To have communication and trust requires that each participant sharpens both their vision and their skills. That’s partially because it’s easier to trust someone to do something when they're good at doing it, and when they can give you a sense of how they plan to approach it. It’s also because when we develop skills and vision, we connect them with industry jargon, giving us communication shortcuts. As a music director, I trust a choreographer a lot more when I know they read music, because we’re less likely to get communication wires tripped up when the music doesn’t fit into nice chunks of 8 counts. Choreographers appreciate a music director who understands dance language and counts so the choreographer can focus on on the dancers, while the music director quietly makes their own notes on the score.
When the skills and communication are deeper, the work gets more specific. When the work gets more specific, magic happens. But our systems of high level musical theatre collaboration are inaccessible to most people—the kind where the work is divided among brilliant artists who are given the time to dive deep into their skills and develop complementary visions. That means we never find out what these fledgling musicals could become. We don’t develop our writers, who need the support and feedback of producers, directors, actors, and music directors to make the magic happen.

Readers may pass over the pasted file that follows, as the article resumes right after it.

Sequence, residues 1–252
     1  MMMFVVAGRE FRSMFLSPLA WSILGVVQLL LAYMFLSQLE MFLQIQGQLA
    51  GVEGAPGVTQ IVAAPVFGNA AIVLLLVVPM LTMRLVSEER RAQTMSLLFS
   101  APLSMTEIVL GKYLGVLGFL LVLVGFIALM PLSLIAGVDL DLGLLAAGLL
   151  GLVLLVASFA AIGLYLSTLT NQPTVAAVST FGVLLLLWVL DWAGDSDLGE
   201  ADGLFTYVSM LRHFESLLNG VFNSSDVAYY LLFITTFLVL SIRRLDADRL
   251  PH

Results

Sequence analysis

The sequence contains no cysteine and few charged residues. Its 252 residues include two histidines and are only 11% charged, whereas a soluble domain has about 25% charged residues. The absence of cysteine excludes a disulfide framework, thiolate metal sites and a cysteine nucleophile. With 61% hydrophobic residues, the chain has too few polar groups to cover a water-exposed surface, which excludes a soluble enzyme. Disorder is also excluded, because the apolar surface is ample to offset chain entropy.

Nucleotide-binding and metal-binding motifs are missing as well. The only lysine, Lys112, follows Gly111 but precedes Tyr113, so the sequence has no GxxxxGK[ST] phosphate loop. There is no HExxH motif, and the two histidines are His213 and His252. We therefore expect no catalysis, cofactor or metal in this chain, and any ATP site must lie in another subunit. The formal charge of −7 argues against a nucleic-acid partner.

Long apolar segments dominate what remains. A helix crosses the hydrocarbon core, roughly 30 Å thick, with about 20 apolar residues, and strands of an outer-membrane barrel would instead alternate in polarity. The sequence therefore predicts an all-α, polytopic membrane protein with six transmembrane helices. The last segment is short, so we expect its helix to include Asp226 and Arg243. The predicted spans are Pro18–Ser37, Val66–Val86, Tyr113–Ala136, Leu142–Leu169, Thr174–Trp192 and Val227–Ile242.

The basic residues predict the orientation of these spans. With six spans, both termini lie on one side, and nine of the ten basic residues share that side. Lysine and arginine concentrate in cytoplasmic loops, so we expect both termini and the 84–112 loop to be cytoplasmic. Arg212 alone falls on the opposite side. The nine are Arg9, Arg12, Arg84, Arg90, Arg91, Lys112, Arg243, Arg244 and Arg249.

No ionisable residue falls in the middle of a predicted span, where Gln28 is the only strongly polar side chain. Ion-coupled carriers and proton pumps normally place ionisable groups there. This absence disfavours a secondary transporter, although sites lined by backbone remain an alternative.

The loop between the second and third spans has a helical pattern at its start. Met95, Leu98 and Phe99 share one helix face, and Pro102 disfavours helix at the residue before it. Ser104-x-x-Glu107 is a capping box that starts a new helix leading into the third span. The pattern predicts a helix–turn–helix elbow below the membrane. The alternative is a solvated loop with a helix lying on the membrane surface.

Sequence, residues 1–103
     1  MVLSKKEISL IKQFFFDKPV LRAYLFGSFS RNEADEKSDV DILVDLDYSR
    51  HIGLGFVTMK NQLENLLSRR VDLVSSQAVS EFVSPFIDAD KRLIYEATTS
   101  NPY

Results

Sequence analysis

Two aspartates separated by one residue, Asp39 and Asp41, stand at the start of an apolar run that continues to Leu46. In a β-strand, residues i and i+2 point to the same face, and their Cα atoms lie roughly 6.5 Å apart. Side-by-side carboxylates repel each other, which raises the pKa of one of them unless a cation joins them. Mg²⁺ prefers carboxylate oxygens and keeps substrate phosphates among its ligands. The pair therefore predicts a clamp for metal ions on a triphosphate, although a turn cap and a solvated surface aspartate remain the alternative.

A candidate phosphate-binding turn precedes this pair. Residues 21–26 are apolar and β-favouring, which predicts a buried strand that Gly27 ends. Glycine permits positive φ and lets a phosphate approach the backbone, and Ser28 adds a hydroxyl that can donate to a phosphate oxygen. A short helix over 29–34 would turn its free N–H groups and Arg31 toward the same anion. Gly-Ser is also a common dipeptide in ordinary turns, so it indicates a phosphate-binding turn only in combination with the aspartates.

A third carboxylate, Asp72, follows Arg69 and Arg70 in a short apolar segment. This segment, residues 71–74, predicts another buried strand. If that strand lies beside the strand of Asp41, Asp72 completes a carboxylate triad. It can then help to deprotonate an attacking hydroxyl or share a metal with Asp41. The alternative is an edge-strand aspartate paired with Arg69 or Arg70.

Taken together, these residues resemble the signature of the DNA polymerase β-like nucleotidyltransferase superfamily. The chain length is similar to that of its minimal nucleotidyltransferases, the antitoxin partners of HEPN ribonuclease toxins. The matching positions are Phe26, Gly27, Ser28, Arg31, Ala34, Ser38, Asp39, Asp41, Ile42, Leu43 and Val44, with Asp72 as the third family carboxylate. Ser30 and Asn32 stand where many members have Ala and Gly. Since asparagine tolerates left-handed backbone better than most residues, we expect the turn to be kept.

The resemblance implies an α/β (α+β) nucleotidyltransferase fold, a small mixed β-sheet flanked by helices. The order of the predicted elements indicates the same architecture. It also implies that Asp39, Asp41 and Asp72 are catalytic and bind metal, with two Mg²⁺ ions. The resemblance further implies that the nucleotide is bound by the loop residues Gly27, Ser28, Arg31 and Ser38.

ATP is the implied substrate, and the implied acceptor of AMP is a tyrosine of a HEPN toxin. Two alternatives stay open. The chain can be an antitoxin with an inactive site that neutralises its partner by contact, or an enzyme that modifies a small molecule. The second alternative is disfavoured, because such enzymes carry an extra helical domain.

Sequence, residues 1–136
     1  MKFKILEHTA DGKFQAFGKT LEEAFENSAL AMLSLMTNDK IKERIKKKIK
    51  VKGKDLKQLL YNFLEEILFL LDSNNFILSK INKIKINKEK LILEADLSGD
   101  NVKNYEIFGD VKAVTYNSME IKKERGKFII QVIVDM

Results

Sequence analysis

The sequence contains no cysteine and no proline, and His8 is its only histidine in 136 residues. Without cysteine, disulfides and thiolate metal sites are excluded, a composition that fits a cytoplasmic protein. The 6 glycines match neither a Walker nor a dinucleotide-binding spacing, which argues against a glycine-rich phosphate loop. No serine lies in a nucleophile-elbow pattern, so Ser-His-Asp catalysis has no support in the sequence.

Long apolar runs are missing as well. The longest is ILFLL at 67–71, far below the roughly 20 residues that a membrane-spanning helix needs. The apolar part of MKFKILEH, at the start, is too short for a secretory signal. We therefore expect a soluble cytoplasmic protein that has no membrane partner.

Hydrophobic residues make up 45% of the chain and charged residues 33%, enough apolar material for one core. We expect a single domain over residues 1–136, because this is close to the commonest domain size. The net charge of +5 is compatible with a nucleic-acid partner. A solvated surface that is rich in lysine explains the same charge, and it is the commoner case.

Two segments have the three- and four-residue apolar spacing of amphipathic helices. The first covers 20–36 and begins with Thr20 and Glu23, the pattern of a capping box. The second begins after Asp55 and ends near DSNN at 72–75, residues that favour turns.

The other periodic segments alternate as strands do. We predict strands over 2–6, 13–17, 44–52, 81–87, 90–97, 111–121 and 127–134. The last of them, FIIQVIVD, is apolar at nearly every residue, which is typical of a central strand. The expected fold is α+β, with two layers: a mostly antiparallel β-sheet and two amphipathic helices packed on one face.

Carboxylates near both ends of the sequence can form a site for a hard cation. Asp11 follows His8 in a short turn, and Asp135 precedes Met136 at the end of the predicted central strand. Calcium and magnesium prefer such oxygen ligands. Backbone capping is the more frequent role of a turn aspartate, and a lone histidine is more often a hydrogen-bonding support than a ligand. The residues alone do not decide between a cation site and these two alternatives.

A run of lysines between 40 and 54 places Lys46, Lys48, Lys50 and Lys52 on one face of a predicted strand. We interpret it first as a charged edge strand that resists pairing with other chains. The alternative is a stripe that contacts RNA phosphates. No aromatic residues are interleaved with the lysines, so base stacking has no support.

No Lacamoire, Kail, Blankenbuehler, Seller, Furman, original cast, etc., no Hamilton.
This pandemic has given me the opportunity to dive deeper into all the skills I’m interested in—writing, music notation, orchestration, music direction, keyboard playing, keyboard programming, audio editing, and project management—and taught me a valuable lesson. I can’t do more than a couple of those at a time. Working on contracts and spreadsheets puts me in a headspace that makes keyboard programming and orchestration inaccessible. I can’t edit audio and write music notation at the same time. I’ve been going in sprints of one thing at a time. It’s really inefficient, because a project often needs multiple processes running in parallel. The solitary parts of the process can be lonely and tiring, and they don’t offer the delight and challenge of syncing collaborative visions.